Direct membership would also require a central payment mechanism (which others have commented on) but the reverse isn't true - it's quite possible to implement a central payment mechanism with tower/branch based membership. We are currently running a trial to do just that.
    What other effects would direct membership have?
    It may well strengthen the link between members and the society for those who remain, but if membership becomes just a personal choice then I suspect far fewer would join than do in the current regime, where all members of a tower are encouraged to join. You might argue that societies would be better with a much smaller, but more committed and active membership than they are with a much larger membership diluted by inactive ringers who hardly ever participate in society activity - but it would be very different.
    With no link between members and towers the idea of a territorial society would be weakened, so societies could develop fuzzy borders based not on carving up the territory but merely on how near the activity ringers need to live to be interested. And without a well defined patch of land to define them, some societies might fade away while the more proactive ones expand.
    How much of the above would be good or bad can be debated - probably some of each - but it would be quite a different landscape
    Going one notch up the ringing structure, the question of 'direct membership' is mor usually discussed in relation to the Central Council. Post reform, it's constitution requires it every few years to consider whether the ringing community would be better served if ringers were direct members rather than being indirectly represented by the ringing societies. That would be a significant change, with potentially significant benefits.
    At the first review the Execitive concluded there wasn't support for it yet. But i suspect if we already had it then most people would see it as normal. It's the change that seems impossible.
    We've been here before. Twenty years ago I dropped the proposal for an Instructors Guild because although a lot of people wanted it a lot of others were strongly against, and too few supported it. At the time I said it would seem quite normal if we already had it and I predicted that in ten years something like it would arise bottom up. The timing wasn't far wrong, we now have ART.
    .
  • Tristan Lockheart
    109
    So if branches are still needed some other means would be needed to fund their activities.John Harrison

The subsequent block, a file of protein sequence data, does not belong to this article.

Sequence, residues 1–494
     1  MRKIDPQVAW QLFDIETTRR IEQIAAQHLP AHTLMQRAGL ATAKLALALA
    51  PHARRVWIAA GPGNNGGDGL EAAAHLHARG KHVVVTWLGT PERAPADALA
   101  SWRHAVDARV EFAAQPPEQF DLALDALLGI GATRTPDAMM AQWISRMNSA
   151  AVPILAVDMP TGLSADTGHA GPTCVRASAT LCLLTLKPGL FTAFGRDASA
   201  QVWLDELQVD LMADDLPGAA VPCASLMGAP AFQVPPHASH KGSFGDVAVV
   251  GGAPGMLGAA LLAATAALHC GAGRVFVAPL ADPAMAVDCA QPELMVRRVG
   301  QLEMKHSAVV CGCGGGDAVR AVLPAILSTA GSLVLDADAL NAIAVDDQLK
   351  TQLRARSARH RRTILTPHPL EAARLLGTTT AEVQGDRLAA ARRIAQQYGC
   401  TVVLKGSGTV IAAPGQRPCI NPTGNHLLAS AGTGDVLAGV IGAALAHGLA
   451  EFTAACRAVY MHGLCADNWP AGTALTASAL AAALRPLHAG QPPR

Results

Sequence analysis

I'm not sure how long it has been the case, but in Yorkshire, the branches receive a grant from the association, rather than receive the funds from their subs directly.

    With no link between members and towers the idea of a territorial society would be weakened, so societies could develop fuzzy borders based not on carving up the territory but merely on how near the activity ringers need to live to be interested. And without a well defined patch of land to define them, some societies might fade away while the more proactive ones expand.John Harrison

    I would argue that local associations would still be in a much better position to support ringers than ones some distance away, even if technically feasible. A degree of natural selection may well occur, where a strong association neighbours a weak one, with people going where the activitiy is. But I would worry that losing territorial associations would lead to gaps in coverage, and with a post-local-band world, there would be no-one who is there to look after each tower and local ringers - the results of which have been seen on Facebook today.

    Going one notch up the ringing structure, the question of 'direct membership' is mor usually discussed in relation to the Central Council. Post reform, it's constitution requires it every few years to consider whether the ringing community would be better served if ringers were direct members rather than being indirectly represented by the ringing societies. That would be a significant change, with potentially significant benefits.John Harrison

    I suspect that in the long run, a DMO Central Council would be incompatible with territorial guilds and associations. Getting people to pay 2+ subs would be a challenge, and the CC would need to offer something for its sub, rather than simply the 'big picture' as offered now. Sounds like a difficult ask, but as you've said, ART has found its feet. Perhaps you would need area committees or the like.
  • Steph Pendlebury
    20
    In the Sussex County Association, all subs go directly to the central organisation - Districts do not have separate bank accounts or separate budgets. So there would be no change there.